Feel Free to Download This Book for Free
by Meir Liraz
This is a practical guide that will walk you step by step through all the essential phases of starting a business. The book is packed with guides, worksheets and checklists. These strategies are absolutely crucial to your business' success yet are simple and easy to apply.
Here's what's in the book:
~ The basics of starting a business - The key ingredients to starting a successful business of your own. Ignore it at your own peril.
~ How to discover whether you have the necessary traits that are needed for business success.
~ How to choose a business that is best for you.
~ When to start a business from scratch and when it is better to invest in a franchise.
~ How to determine how much money you need.
~ What are your options for getting the money that is needed.
~ What are the 10 essential aspects of managing a business that you must master if you want your business to succeed.
~ How to project the income potential of your new business.
~ How to determine the feasibility of your business idea - a complete fill in the blanks template system that will help you predict problems before they happen and keep you from losing your shirt on dog business ideas.
~ How to select the best location for your business.
~ What are your chances of success.
~ The three key questions that you must address before starting a business. You must be able to answer at list one of them with a "yes" or your new business will not stand a chance.
~ Checklist for going into business - things you must consider before starting. This will keep you from costly mistakes before you start pouring in your hard earned money.
~ One option to raise money for a new business is by applying for free government money and loans, see here: How to get free government grants
~ All these and much much more.
1. What you need to know before you start your new business
2. Determining the feasibility of your business idea
3. Starting your new venture
4. Buying a going business
5. Choosing a franchise
6. Ten essential aspects of managing a business
7. Special requirements and needs
8. Time to make the decision
9. Going into business FAQ
10. Checklist for starting a business
Other Small Business Free Guides That May Interest You:
Starting a Business? What Business Should You Choose?
Many of you have already decided what business to choose. Others may still be seeking answers from counselors. Whether you have decided or not, you will find it helpful to continue your self-evaluation.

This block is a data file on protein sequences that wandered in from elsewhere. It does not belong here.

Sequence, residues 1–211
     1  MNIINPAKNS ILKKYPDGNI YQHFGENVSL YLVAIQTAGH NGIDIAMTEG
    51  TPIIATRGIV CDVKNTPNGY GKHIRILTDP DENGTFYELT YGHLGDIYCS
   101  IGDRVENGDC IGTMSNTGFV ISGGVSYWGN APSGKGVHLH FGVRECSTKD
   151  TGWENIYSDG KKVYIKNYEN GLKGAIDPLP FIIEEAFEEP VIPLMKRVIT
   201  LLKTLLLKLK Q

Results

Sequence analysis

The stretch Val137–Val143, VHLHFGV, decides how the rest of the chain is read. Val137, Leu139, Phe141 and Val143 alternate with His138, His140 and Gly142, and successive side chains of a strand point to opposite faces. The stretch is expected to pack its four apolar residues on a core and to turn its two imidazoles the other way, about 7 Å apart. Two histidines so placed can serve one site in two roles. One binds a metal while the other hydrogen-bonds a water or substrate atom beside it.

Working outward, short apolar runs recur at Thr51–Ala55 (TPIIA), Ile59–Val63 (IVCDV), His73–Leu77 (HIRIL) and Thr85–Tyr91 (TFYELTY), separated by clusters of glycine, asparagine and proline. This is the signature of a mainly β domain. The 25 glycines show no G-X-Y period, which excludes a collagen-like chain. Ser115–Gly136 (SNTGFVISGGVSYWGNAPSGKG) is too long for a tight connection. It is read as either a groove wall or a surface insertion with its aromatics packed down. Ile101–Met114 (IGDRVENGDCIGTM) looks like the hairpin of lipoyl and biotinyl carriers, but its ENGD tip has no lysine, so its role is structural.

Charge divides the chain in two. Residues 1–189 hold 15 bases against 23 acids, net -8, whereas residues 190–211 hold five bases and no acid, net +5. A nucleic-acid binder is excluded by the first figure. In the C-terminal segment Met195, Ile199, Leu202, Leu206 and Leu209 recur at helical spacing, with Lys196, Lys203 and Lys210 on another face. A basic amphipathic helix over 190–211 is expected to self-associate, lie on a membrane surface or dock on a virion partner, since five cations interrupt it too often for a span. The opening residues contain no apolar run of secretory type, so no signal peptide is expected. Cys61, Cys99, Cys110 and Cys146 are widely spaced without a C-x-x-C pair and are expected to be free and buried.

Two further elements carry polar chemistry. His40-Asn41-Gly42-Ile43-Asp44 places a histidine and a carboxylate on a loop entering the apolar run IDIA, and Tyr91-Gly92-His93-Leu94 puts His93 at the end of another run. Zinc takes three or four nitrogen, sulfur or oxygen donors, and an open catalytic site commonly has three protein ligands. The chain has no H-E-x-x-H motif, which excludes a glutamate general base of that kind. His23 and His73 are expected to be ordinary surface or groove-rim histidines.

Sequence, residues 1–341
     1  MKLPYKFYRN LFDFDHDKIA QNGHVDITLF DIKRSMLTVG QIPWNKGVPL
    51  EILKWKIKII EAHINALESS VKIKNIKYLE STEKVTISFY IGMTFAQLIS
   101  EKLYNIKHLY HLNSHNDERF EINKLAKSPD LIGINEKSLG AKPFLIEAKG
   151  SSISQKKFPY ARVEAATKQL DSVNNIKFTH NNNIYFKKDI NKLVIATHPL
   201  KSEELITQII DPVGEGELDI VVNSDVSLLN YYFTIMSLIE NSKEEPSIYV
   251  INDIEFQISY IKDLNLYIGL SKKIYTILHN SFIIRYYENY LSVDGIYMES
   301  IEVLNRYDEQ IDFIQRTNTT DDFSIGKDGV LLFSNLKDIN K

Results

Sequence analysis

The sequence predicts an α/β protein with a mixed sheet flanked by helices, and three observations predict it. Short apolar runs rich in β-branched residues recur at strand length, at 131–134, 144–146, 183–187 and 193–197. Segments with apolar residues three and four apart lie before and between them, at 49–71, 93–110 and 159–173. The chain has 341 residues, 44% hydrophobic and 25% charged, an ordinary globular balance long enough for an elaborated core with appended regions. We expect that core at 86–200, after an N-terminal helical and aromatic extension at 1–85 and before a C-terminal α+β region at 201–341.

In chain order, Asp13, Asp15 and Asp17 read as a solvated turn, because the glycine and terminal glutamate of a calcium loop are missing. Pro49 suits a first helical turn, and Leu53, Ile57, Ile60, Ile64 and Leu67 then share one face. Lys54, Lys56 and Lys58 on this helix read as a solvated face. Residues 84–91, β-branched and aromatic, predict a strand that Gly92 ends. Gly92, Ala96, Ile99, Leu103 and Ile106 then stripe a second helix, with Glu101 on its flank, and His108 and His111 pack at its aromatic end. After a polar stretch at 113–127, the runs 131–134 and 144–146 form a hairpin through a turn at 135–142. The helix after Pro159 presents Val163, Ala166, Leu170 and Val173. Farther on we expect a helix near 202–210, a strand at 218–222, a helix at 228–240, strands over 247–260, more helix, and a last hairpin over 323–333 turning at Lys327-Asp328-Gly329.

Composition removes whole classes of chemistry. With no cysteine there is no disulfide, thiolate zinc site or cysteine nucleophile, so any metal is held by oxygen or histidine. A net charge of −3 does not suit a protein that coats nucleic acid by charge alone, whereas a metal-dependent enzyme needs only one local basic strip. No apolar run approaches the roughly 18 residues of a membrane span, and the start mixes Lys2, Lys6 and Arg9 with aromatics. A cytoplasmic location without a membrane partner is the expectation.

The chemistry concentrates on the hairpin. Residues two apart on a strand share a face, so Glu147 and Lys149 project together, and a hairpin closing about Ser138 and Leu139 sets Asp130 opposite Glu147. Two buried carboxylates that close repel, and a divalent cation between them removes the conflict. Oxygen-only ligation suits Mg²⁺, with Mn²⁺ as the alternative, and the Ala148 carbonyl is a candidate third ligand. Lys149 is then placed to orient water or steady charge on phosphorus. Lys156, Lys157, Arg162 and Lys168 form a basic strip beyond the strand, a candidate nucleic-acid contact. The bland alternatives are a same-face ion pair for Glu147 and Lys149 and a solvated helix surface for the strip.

Begin by summarizing your background and experience. Include jobs. schooling, and hobbies. Then write down what you think you would like to do. Does what you would like to do match up with what you have done? It is helpful if your experience and training can be put to direct use in your new enterprise.
What are your prospective needs? What are your prospective customers' needs? You may make money doing something you don't like if people will pay for it. On the other hand, you will never make money if people don t need your product or service no matter how happy you are doing it. Experts have said more companies fail because they are in the wrong business than because they are "doing business wrong".
Read, listen to the experts, talk to business people, try to determine where growth will occur. Most new businesses can only get customers by taking them away from someone else, or by attracting new people entering the area. In other words, don't start a contracting business in a community where the population is decreasing even if you are a good contractor.
At this point, try to match your background and interests with what you see the needs to be. If they match, wonderful. Now all you have to do is discover how to offer the customers more for their money than do your competitors.
If the needs and your background don't match, don't despair. Get training by working in a company that provides a product or service that is needed. Find a job in a well
managed, successful company of the kind you are contemplating. Then absorb as much management know-how as you can while learning the technical skills.
Education can help too. While there may be no educational requirements for starting your own business, the more schooling you have along the right lines the better equipped you should be.
(Some fields require licenses, certificates, even degrees in specific educational areas.) Certainly it is helpful if you have had courses in record keeping, sales and communication. These needn't be college or even high school courses. They can come from adult education programs and the like.